There's a growing trend of official solo variants for board games, and as a person who often only has time to play by himself, I couldn't be happier with this. Having played my share of these, solo variants are a nice nod to those fans who sometimes can't gather enough people to enjoy the game at its peak. Whether they're official or custom-made in BoardGameGeek, solo variants increase a board game's replay value, and are as equal as any other mode of play.
Which is why I must insist - PLEASE don't feature solo variants as Kickstarter stretch goals.
But Wait, There's More!
Stretch goals, for the most part, are used as mechanisms to continue funding growth throughout a Kickstarter's campaign. They're there to entice current backers of more additions that would be possible now with growing funds, and to lure potential backers, offering what their contributions will give them when they sign on. It's a mechanism that rewards backers with more content the more money the campaign raises.
Sometimes these are calculated expenses, things that truly would not be possible without the extra income from backers after the funding goal. Things like extra cards or better packaging are valid examples (again, ignoring "best practices" argument for now). Then there are stretch goals that exist to nudge the campaign along, certain things that many can (and have) argue that it should have been in the game all along. For a long time, the front-runner to this type of stretch goal has been adding an additional player to the game, upping the player count; if the game was capable of having more players, then wouldn't it prudent to have that set from the start?
A Bit of a Stretch...
Along the same vein, adding a solo variant is an adjustment to the number of players. To me, it plays a large contributing factor on whether I'll purchase/back a game I'm interested in. It's something I (and, hopefully, the designer) don't take lightly. To place it in a stretch goal category (whether tacked on or intentionally separated to boost backer support) feels like the designer's still have some parts of the game covered up in blue tarp, waiting for the right moment to spring it on backers in a "voila" moment.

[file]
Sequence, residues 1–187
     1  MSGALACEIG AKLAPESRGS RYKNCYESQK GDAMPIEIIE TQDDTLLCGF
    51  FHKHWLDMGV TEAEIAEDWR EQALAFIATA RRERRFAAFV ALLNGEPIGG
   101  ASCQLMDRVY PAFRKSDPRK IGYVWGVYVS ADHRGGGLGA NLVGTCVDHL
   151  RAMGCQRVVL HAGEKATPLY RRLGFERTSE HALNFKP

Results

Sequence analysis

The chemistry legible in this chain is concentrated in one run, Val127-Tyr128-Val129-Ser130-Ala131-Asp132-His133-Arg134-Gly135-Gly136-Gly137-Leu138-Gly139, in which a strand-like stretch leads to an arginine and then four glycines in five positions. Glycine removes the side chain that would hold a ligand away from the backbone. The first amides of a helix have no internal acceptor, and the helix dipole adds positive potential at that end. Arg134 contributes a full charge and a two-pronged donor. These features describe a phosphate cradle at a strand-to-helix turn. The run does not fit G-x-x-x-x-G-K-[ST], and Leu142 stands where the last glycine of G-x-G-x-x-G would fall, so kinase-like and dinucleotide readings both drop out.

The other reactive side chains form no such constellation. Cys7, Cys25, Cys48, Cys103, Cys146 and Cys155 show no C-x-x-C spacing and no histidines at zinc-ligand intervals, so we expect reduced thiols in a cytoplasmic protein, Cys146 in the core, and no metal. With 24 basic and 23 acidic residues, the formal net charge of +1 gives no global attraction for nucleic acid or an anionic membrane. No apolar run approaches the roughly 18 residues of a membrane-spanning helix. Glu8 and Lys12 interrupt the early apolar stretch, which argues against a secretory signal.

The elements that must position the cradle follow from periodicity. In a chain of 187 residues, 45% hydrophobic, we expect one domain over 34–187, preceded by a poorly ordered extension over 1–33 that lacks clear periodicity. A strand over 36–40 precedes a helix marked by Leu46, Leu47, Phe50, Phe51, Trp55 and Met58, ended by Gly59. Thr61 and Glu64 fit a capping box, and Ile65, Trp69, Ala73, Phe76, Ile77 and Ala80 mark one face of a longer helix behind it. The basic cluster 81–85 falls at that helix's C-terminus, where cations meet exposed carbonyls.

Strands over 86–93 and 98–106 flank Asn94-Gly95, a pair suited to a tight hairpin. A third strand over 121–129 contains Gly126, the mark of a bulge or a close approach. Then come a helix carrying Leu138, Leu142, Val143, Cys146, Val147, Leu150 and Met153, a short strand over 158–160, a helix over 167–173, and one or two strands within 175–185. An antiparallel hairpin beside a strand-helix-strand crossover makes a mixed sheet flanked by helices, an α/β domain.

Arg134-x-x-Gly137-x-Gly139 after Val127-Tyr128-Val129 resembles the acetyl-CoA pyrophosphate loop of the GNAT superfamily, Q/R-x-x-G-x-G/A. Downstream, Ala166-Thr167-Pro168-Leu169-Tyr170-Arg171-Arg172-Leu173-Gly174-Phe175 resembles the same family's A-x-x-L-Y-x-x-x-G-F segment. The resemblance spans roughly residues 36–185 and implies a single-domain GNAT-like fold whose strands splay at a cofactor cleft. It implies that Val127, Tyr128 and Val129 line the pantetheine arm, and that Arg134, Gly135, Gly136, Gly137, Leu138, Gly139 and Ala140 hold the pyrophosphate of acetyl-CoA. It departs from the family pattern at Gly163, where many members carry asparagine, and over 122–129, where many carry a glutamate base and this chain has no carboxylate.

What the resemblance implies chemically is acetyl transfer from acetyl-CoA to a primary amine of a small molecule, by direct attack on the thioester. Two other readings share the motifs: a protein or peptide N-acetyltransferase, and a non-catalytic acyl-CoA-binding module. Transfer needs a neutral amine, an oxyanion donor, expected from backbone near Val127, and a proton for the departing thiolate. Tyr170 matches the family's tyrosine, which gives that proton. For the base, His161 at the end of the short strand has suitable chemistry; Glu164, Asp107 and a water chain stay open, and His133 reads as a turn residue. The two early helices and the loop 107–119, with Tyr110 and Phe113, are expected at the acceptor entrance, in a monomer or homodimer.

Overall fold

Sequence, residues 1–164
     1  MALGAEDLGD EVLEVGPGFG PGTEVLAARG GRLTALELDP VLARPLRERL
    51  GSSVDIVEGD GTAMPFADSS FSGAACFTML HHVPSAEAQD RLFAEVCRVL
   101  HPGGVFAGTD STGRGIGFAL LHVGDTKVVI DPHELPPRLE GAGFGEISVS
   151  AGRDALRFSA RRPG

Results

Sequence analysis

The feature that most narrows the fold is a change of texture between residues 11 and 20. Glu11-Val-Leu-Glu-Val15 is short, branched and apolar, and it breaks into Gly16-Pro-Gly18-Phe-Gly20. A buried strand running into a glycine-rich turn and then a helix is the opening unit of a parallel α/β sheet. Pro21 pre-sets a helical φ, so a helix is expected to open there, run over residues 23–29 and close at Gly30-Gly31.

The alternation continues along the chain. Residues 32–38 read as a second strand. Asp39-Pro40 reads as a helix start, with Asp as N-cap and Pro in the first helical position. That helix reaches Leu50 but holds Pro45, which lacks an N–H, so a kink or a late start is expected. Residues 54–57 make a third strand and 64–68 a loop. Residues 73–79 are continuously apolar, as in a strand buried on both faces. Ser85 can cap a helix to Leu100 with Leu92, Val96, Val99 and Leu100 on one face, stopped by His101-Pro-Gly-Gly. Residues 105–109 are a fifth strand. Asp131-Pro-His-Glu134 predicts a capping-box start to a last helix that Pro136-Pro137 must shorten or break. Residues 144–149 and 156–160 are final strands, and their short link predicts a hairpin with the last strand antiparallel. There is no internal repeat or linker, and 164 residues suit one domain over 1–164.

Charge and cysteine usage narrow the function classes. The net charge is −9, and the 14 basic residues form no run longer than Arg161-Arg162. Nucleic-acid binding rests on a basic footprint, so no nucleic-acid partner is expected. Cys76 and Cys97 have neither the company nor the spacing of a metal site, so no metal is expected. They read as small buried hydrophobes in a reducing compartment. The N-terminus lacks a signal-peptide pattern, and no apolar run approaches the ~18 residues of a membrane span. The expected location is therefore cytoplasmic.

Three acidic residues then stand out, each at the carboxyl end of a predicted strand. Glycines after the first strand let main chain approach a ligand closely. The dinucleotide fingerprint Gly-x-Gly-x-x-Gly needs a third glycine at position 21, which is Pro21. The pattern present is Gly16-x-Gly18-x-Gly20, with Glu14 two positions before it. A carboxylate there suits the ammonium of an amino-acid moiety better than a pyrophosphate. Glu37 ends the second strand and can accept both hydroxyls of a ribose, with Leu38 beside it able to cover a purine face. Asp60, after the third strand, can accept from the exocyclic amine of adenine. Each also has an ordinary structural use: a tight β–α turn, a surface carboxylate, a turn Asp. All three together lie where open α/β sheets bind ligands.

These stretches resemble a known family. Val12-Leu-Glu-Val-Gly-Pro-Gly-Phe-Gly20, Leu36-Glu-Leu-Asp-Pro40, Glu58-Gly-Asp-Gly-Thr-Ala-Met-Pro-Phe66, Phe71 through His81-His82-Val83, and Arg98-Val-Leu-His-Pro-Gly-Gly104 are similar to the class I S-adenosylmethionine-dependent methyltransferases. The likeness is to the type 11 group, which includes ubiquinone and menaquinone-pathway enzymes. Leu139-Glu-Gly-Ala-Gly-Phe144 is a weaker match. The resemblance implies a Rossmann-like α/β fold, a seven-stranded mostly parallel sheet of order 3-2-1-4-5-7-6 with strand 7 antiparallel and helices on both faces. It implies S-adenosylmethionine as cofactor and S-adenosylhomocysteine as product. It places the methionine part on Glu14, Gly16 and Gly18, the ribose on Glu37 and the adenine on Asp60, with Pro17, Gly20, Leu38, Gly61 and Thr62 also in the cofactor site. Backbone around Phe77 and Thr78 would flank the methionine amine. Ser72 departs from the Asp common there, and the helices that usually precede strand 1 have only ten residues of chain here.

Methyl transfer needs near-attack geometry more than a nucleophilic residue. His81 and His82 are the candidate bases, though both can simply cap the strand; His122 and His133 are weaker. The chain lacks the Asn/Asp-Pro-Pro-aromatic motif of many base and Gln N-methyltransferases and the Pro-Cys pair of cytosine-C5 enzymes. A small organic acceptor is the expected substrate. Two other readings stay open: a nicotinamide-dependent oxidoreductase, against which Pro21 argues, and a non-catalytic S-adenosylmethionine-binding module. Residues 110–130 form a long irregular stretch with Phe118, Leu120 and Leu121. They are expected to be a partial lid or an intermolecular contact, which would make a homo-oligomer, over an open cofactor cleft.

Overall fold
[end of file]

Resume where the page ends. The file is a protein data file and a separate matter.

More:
While having extra players or solo variants sold as separate expansions is nothing new in the current board game market, they feel a little different in the crowd-sourcing field. As I've said before, Kickstarter projects are always a risk - nothing's guaranteed, and should never be treated like a store. You're backing someone's project which may or may not be fully realized, including whether or not player counts and/or solo variants are done. Personally, I would be more confident in a board game where the solo variant is there from the start, or is at least worked on before the campaign begins. To suddenly create one and add it hesitantly as a stretch goal is ambitious.
Giving the Full Game
When you have a solid game and are ready to receive funding for it, you want your backers to remain excited for what's to come. So it's natural to assign things like better components, better quality, and special cards that will enhance gameplay as additional stretch goals. For better or worse, stretch goals exist and continue to drive certain campaigns up in funding. But when you start to add things that can fundamentally change the gameplay to more drastic levels at the last minute, it won't look as promising as if you had it ready all along. And even IF you have a solo variant all ready and tested, don't hold out on us and dangle it like a piñata in front of us, especially when the campaign's funded. Hopping on board from the start because it offers solo mode is much more satisfying than hopping on board 5 days before the campaign is over.
I won't lie...I may have, in the past, jumped into KS projects at the last minute when they introduced a solo variant. But not so much now. If you're going to do a solo variant, make it work well in your game, or don't include it at all.
And please. Add the solo variant in from the start. I want to play your game, no matter what.